A Golden Memorial Day
Memorial Day has traditionally been a time to remember the fallen soldiers who have put their lives on the line for our freedom. My family still honors them today.
This year we are honoring some other fallen soldiers too. These KIDS put their lives and their “good days” on the line to further research as they participated in trials that might save their lives. They knew that if it did not save their own life, it might one day help find a cure to childhood cancer and save the lives of other kids. These soldiers will hold a special place in my heart as well as my family’s hearts forever.
My brother-in-law and his best friend welded horseshoes into ribbons and then put a stake on the end. I painted them gold, which represents childhood cancer awareness. We placed them by two boys' gravestones in my community who were kind, brave, and stood up to cancer.
Lucy is still so young that she does not understand death. Charlie is beginning to ask questions. He saw a picture of sweet Jake on his gravestone. He knew he looked young and asked how old he was.
I said, “Six.”
“That comes after five, right Mama?” he asked.
“Yes,” I replied.
“I will be five on my next birthday, right?” he asked.
“Yes,” I replied.
He walked silently back to our vehicle. Just before we got in, he turned around and asked me, “Why do kids die?”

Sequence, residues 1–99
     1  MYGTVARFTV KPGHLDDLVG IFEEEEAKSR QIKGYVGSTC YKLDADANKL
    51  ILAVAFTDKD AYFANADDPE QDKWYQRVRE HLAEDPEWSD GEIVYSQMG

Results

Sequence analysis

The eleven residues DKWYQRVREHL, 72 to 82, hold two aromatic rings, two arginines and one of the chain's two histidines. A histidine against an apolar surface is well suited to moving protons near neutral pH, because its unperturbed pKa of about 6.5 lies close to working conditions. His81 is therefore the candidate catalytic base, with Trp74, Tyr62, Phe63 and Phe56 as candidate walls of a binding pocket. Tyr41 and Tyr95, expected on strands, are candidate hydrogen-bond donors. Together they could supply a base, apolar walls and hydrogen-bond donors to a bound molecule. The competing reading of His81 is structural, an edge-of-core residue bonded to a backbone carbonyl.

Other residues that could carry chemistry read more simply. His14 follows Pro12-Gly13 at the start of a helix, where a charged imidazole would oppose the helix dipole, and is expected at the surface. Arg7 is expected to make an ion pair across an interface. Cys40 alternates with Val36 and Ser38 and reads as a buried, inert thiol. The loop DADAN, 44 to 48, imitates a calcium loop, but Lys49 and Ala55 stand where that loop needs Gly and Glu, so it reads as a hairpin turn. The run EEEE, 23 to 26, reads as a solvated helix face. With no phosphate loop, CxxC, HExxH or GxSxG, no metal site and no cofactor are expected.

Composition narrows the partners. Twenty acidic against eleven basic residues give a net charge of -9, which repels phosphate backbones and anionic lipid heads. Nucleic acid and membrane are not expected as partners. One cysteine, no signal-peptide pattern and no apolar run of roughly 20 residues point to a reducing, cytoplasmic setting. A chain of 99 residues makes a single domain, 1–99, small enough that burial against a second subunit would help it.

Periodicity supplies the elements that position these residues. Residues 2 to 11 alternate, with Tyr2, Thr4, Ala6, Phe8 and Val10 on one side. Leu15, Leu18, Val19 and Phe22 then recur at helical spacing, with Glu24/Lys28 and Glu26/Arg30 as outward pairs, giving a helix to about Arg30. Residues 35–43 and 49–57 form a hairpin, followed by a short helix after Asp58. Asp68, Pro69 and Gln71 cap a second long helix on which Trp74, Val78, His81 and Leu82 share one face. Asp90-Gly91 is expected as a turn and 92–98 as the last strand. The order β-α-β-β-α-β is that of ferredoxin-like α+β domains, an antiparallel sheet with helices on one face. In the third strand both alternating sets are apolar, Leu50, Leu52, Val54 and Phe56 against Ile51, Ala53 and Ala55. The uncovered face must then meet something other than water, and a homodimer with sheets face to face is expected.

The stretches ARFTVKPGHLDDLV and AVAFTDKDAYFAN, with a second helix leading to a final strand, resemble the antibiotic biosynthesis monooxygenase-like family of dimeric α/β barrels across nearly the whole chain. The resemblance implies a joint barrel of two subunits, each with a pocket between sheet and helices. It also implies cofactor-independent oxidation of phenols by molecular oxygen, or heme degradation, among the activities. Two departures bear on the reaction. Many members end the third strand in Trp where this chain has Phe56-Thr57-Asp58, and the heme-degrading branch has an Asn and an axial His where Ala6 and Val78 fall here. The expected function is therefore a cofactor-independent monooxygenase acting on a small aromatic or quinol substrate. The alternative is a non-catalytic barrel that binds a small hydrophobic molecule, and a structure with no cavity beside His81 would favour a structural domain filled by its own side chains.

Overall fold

I swallowed the big lump in my throat and tried to suck the tears back into my eyes. I took a big deep breath and got down on my knees so I could look at him in his big blue eyes.
“I don’t know sweetie. It just happens sometimes,” I responded. He got back in the vehicle and I buckled him up. I do not know if that was the best answer. I do not know what a 4-year-old can understand. I know that Charlie is a tenderhearted boy who worries more than a little boy should worry. I was trying to balance teaching them some sort of a lesson and still protect them from the scary part of life – death.
The best part of raising my children in church is that there is hope and they remember that. Earlier when we visited Robert’s grave Charlie remembered his name. He asked, “Is that the same Robert that we prayed for a lot before we went to bed?” Robert was fighting cancer the same time Lucy was. In fact, he was fighting before Lucy was diagnosed and still fighting after.
Marc responded, “Yes, son.”
“So, he didn’t get better?” Charlie asked.
“No, he didn’t,” Marc replied.
“So, he died?” Charlie asked.
Marc looked at me before he responded. We both took a deep breath and Marc said, “Yes, son.”
Then Lucy’s sweet innocent spirit chimed in and said, “So Robert’s in Heaven?”
At the same time, Marc and I both said, “Yes.”
We spent the rest of the day swimming in the pool with my kids and enjoying their lives. We took a late night ATV ride down the county road and on my dad’s old stomping grounds.
There is never a dull moment or a completely relaxing moment with small kids. However, there were moments of the day that I could look around and know that I am so blessed.
I hope everyone had a blessed Memorial Day and that you honored the fallen soldiers in your lives.
God’s got this.